Preparing for Dairy Expansion
There is an optimistic outlook for dairy markets in the medium term according to the Kerry Group Chief Executive, Stan McCarthy. Speaking at the Teagasc National Dairy Conference in Tralee, today, Tuesday 20 November, he said that increasing global population, increased urbanisation and food security are huge issues, driving demand for dairy products. On the supply side he said that New Zealand and the U.S. are primed to grow milk supply, with the EU too ready to increase milk output after 2015.
Taking a view on 2013 prospects, Stan McCarthy said that dairy markets have stabilised, and if current market conditions were to remain the same into 2013, then we would be looking at a return to 2011 situation from a price perspective.
Professor Gerry Boyle, Teagasc Director, said that farmers should focus on the risks associated with expansion. He said that the financial risks need to be understood and the only safe strategy for a farmer is to do whatever it takes on his or her farm to make money with the minimum risk. “If a farmer isn’t reasonably efficient to start with, expansion will not help the business – efficiency must come before expansion.”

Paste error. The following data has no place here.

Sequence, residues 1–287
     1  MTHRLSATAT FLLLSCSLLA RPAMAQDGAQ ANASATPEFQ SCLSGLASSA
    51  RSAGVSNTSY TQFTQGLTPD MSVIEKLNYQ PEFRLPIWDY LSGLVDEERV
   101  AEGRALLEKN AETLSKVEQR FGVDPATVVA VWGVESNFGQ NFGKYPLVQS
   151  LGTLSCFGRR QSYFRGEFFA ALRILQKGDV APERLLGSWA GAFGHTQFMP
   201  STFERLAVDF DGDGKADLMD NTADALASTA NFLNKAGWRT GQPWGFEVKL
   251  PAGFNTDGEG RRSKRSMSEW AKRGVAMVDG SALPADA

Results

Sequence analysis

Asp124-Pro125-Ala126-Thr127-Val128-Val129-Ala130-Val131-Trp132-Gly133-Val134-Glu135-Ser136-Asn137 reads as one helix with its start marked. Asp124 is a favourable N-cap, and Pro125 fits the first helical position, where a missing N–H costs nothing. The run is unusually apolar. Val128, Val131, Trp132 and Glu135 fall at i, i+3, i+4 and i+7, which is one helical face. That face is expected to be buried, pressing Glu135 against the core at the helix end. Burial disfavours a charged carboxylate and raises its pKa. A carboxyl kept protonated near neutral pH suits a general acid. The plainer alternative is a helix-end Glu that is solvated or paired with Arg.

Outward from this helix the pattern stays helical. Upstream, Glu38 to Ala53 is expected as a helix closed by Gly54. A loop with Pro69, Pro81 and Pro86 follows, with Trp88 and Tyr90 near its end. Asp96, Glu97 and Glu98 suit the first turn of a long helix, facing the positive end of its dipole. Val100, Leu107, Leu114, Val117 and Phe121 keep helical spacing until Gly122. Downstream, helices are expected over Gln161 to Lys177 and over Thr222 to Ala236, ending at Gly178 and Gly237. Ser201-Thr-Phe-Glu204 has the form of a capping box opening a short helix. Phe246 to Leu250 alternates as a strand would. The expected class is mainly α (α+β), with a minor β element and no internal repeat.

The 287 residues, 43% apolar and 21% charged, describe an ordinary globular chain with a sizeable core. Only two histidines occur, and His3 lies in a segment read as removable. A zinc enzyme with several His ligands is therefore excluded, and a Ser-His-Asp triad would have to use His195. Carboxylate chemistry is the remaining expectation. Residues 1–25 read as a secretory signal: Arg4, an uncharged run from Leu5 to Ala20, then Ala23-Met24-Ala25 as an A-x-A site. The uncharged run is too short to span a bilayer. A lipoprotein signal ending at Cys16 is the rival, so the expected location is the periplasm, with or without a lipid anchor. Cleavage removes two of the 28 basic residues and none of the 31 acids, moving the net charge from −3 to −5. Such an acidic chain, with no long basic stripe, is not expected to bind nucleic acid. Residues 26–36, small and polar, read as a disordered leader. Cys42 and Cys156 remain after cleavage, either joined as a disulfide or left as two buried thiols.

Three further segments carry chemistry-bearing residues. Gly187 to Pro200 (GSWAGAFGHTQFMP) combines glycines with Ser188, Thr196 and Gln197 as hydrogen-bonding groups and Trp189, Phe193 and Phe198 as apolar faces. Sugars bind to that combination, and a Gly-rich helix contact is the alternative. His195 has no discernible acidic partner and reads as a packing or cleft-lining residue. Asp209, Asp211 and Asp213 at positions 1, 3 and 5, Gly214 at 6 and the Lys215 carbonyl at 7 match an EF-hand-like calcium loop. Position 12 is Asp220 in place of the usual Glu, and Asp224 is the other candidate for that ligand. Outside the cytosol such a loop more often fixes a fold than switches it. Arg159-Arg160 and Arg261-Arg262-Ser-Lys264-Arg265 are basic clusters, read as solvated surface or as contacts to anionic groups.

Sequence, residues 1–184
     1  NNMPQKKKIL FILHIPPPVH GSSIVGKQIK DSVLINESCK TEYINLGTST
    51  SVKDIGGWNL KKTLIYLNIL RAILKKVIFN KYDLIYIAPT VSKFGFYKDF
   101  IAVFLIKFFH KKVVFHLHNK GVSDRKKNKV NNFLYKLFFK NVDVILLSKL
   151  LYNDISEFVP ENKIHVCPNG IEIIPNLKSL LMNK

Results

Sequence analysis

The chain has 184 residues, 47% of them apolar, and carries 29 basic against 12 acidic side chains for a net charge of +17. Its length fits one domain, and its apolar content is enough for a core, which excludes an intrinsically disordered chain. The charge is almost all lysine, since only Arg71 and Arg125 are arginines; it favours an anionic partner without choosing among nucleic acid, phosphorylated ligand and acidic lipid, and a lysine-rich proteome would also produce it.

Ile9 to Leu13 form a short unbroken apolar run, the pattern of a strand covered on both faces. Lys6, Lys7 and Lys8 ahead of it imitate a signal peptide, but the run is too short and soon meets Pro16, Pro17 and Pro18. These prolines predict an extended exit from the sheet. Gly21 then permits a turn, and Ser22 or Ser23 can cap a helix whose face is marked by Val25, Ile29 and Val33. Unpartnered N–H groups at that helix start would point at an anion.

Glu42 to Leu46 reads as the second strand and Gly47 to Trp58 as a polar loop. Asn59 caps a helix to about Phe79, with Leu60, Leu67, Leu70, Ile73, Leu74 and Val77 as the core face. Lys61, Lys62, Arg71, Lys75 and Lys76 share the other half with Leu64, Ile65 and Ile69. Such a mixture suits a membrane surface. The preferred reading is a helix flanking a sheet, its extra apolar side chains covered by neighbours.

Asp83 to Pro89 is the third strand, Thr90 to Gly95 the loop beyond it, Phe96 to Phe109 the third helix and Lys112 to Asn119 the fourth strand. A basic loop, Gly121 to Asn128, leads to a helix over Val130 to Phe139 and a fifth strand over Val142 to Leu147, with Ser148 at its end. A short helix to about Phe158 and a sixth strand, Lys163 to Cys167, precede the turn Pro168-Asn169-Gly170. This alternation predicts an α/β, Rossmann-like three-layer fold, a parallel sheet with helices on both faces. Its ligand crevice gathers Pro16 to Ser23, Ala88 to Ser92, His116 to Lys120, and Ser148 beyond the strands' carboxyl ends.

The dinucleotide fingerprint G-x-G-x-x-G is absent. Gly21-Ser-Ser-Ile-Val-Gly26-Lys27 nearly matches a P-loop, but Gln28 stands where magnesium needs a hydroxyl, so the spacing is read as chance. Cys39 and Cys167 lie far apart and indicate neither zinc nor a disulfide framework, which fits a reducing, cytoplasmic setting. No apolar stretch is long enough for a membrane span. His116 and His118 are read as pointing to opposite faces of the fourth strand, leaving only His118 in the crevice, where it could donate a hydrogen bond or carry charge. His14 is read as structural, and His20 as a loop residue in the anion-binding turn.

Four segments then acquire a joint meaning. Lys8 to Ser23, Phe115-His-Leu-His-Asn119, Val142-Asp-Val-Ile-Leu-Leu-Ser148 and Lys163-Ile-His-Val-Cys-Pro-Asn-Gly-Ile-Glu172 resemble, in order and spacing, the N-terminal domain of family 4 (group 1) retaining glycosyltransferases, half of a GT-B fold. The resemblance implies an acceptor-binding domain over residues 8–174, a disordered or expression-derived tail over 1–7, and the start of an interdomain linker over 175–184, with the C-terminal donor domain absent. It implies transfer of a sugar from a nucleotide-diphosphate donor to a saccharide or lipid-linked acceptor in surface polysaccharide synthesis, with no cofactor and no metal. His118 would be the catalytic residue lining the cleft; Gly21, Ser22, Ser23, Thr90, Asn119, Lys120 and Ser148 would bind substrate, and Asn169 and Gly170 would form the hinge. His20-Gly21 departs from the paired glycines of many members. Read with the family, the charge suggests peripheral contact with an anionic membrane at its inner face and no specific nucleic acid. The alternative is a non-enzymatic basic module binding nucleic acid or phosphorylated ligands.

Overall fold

Teagasc researcher Laurence Shalloo said: “The targets for a 50% increase in milk output set in the Food Harvest 2020 report will deliver substantial increases in net revenue, estimated at over €900 million, within the Irish dairy industry. The achievement of Food Harvest 2020 targets will result in increased milk sales, increased calf sales and increased cull cow sales, which could increase annual net revenue at farm level by of the order of €820 million, depending on milk and beef prices.
However, he warned that the most important feature of expansion for all individual farmers is that the increased herd size and milk output generates higher profits than before expansion, otherwise expansion should not be attempted. He said that the profitability will be dependent on how the increase in milk output is managed at farm level. Managing cash flow in the expansion phase will be a key requirement to ensure liquidity while expansion takes place.
Laurence Shalloo pointed out that there has been a dramatic increase in the number of dairy replacement heifers born on Irish dairy farms. The number of dairy heifer calves born has increased each year with approximately 100,000 additional dairy replacement heifers born in 2012 compared to 2008, indicating that dairy farmers are already preparing for expansion when milk quotas end in 2015.